3. Carbonate Grain Associations: their Use and Environmental Significance, a Brief Review

  1. Maria Mutti3,
  2. Werner Piller4 and
  3. Christian Betzler5
  1. Pascal Kindler1 and
  2. Moyra E.J. Wilson2

Published Online: 3 APR 2012

DOI: 10.1002/9781118398364.ch3

Carbonate Systems during the Oligocene-Miocene Climatic Transition

Carbonate Systems during the Oligocene-Miocene Climatic Transition

How to Cite

Kindler, P. and Wilson, M. E.J. (2012) Carbonate Grain Associations: their Use and Environmental Significance, a Brief Review, in Carbonate Systems during the Oligocene-Miocene Climatic Transition (eds M. Mutti, W. Piller and C. Betzler), Wiley-Blackwell, Oxford, UK. doi: 10.1002/9781118398364.ch3

Editor Information

  1. 3

    Institut für Erd- und Umweltwissenschaften Universität Potsdam, Postfach 60 15 53 D-14415 Potsdam, Germany

  2. 4

    Institute for Earth Sciences (Geology & Paleontology) University of Graz, Heinrichstrasse 26, A-8010 Graz, Austria

  3. 5

    Geologisch-Palaeontologisches Institut, Bundesstr. 55, D-20146 Hamburg, Germany

Author Information

  1. 1

    Department of Geology and Palaeontology, 13, Rue des Maraichers, CH-1211, Geneva, Switzerland

  2. 2

    Department of Geological Sciences, Durham University, South Road, Durham, DH1 4EL, UK

Publication History

  1. Published Online: 3 APR 2012
  2. Published Print: 5 APR 2012

Book Series:

  1. Special Publication Number 42 of the International Association of Sedimentologists

Book Series Editors:

  1. Ian Jarvis6,7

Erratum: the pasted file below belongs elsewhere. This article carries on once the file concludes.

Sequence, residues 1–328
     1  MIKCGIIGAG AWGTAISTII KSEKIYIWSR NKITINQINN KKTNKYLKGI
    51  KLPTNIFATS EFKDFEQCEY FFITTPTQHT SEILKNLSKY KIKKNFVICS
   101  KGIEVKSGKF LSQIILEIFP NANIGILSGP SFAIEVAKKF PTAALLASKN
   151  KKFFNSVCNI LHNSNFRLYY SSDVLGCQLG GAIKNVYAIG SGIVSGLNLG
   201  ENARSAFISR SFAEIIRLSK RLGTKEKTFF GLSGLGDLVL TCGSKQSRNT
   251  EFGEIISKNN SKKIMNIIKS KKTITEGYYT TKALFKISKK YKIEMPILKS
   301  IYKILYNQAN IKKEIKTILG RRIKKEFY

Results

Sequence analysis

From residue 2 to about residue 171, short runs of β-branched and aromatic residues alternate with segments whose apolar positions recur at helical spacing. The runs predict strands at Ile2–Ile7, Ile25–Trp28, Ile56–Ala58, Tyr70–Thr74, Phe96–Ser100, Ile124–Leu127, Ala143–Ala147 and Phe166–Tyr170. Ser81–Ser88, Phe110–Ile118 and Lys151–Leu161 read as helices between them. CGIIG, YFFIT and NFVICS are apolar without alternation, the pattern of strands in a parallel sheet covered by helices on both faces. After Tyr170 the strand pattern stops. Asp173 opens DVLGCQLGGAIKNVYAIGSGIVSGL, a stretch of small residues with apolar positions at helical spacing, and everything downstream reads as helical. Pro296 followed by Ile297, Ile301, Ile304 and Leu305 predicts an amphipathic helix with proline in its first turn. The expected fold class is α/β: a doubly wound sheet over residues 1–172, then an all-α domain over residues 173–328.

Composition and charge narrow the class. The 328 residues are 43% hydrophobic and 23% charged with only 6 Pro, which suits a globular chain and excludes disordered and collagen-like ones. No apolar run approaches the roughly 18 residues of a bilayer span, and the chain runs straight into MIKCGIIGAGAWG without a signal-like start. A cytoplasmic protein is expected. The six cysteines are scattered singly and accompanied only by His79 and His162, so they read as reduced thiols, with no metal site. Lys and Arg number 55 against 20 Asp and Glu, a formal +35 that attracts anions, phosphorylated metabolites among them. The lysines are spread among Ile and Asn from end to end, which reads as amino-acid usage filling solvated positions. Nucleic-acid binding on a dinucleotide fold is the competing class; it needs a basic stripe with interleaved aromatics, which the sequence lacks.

Series Editor Information

  1. 6

    School of Geography, Geology and the Environment Centre for Earth and Environmental Science Research, Kingston University London, UK

  2. 7

    Penrhyn Road, Kingston upon Thames KT1 2EE, UK

ISBN Information

Print ISBN: 9781444337914

Online ISBN: 9781118398364



  • Carbonate-grain associations;
  • classification;
  • nomenclature;
  • Cenozoic


A complex interplay of environmental factors may affect regionally important Cenozoic carbonate deposits, and a combination of different controls may result in comparable deposits. There is, therefore, a need for purely descriptive nomenclature to define regionally extensive groupings of carbonate deposits. This terminology is reviewed here. In addition to the well-established chlorozoan (or coralgal), chloralgal, foramol, rhodalgal, molechfor and bryomol definitions, two new terms, LB-foralgal and thermacor, are proposed. These purely descriptive groupings allow for good spatial and temporal subdivision of Cenozoic carbonate deposits. The continued use of objective terms for Cenozoic carbonate deposits does not preclude the use of other interpretative grainassociation terminology, and a two-tier system might be adopted. However, it should be clearly stated when groupings based on benthic components are being used purely descriptively, and therefore in an objective sense. It is hoped that this descriptive approach to regionally important deposits will help to promote objective discussions about controls on carbonate sedimentation and environmental change during the Cenozoic.